If you've watched the first episode of True Detective Season 2, or even if you've just heard about the all-star cast or seen the promos, you know that this season revolves around a murder and the storylines of three different police officers (Colin Farrell, Rachel McAdams, and Taylor Kitsch) and a career criminal with somewhat ambiguous motives (Vince Vaughn). It's the stuff of classic True Detective dreams and nightmares, and as was to be expected, the first episode was more than a bit confusing. Personally, I was most fascinated by the way each of the cops behaved, and (SPOILER ALERT) the way they came together at the end of the episode. But if they're all in the police force, who has the upper hand? I mean, one detective has to be higher ranking than the others, right?
Before I begin, let me just say that the spoiler alert you just encountered is not going to be the only one, so if you really don't want to know the minutiae of the Season 2 premiere, I suggest you leave now. I'll wait.
OK, are they gone? Good — let's break it down by character, leaving Vaughn out of this because, like I said, he's a professional bad boy. Farrell plays Detective Ray Velcoro, a man working for the corrupted police department of the city of Vinci while dealing with the fact that he's basically being controlled by Vaughn's character, Frank Semyon; McAdams plays Ani Bezzerides, a sheriff's detective; and Kitsch plays Officer Paul Woodrugh, an ex-military highway patrol officer. As a highway patrolman, Woodrugh is the runt of the police litter. On top of that, he's on paid leave from his police duties while Internal Affairs investigates him for an encounter with a woman he pulled over on the highway who said he solicited oral sex from her. So, basically, all that "clear eyes, full hearts, can't lose" business Kitsch is used to? Yeah, that won't apply here.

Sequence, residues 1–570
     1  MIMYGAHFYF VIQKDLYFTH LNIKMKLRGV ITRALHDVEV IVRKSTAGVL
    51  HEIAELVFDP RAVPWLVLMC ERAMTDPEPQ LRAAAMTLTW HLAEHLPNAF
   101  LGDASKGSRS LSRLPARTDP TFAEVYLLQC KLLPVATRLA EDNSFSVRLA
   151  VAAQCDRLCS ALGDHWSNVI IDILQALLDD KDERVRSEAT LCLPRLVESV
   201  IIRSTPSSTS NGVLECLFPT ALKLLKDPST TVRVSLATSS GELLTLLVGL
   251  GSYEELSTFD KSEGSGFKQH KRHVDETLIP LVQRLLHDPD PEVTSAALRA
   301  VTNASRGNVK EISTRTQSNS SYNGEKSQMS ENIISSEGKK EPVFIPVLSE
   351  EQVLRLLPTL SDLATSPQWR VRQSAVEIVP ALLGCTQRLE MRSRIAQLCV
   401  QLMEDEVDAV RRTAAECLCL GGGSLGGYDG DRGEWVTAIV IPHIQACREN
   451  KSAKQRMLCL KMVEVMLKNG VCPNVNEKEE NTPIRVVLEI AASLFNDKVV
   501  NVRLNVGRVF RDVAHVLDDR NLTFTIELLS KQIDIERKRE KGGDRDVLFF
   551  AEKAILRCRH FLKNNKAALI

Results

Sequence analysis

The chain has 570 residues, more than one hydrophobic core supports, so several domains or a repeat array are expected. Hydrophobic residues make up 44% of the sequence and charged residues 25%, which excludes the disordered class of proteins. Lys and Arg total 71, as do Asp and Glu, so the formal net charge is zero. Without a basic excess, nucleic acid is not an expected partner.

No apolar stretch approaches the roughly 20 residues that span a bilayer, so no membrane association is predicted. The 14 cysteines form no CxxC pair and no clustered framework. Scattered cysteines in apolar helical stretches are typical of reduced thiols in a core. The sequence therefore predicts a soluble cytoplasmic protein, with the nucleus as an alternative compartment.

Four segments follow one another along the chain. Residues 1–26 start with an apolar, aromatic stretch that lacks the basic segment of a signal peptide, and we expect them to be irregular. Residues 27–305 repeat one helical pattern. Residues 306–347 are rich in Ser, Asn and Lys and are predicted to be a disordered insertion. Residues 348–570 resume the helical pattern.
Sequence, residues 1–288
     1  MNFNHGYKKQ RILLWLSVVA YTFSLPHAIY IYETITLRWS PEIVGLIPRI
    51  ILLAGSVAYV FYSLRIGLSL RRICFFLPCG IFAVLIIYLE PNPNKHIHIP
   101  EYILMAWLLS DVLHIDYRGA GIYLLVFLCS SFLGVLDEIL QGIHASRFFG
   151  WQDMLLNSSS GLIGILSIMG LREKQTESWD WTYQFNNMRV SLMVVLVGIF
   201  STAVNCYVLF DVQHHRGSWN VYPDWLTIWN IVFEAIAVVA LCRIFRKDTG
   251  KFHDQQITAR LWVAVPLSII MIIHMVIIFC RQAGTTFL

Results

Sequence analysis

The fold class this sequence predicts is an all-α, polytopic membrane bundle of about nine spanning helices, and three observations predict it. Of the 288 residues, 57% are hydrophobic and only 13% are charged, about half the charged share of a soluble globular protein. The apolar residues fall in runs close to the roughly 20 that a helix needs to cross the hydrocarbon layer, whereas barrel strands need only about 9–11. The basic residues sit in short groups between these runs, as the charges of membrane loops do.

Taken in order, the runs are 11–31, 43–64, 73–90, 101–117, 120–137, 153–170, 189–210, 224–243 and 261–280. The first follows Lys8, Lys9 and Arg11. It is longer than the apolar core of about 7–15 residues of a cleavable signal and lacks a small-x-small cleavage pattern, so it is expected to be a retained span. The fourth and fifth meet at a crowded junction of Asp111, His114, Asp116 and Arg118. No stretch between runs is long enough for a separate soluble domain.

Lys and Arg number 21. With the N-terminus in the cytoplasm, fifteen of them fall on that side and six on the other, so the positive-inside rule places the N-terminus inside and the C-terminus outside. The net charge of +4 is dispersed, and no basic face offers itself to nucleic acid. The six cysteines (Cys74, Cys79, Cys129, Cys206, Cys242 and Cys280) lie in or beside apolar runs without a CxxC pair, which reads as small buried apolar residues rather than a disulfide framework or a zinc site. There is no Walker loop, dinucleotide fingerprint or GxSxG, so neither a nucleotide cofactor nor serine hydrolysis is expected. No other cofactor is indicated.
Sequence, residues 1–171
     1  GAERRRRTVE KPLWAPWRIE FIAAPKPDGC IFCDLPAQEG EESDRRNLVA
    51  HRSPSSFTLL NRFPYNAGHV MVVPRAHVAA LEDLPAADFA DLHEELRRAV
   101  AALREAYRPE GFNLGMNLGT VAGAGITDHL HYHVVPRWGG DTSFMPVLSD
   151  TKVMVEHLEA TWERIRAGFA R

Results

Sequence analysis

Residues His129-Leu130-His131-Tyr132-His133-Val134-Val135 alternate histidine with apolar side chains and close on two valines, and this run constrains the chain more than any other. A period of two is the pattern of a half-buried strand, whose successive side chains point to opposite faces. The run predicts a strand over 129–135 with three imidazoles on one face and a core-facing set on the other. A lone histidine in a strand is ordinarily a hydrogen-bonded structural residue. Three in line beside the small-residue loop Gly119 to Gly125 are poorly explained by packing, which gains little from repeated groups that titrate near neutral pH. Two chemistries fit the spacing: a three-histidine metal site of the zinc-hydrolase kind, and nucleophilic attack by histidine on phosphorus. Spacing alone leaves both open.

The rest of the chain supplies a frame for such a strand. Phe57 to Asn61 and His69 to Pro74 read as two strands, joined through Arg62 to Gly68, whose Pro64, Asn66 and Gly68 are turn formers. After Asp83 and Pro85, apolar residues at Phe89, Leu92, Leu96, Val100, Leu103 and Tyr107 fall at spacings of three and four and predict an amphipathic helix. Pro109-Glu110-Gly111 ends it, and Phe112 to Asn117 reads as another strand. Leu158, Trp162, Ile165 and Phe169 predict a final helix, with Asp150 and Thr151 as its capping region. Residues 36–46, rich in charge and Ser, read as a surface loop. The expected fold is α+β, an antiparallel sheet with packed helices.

That said, detectives don't technically outrank police officers. They are, however, often in charge of cases and have seniority over officers, so they're commonly awarded more authority. It's more your typical "respect your elders" thing than an official designation.
But we get into stickier territory with Velcoro (Farrell) and Bezzerides (McAdams). Since they're both detectives, they're technically ranked identically, despite the fact that Velcoro is with a city police department and Bezzerides is with a sheriff's department. In the United States, sheriffs are usually community-elected officials, one for each county, while police chiefs or commissioners are typically appointed by a mayor or city council. So, Bezzerides likely works for a man of the people, whereas Velcoro works for a man of the government. When looking at it in those terms, I'm inclined to think that Velcoro would have the most authority out of the three officers, but then again, I'm not fluent in interdepartmental and inter-police department politics.
For those of you who don't like confusion, though, have no fear—I'm sure some kind of power struggle or pissing contest will come up between the two detectives at some point over the next seven weeks. If True Detective Season 1 has taught us anything, it's that nothing helps solve a crime like a little drama between co-workers.
Images: Lacey Terrell/HBO (2)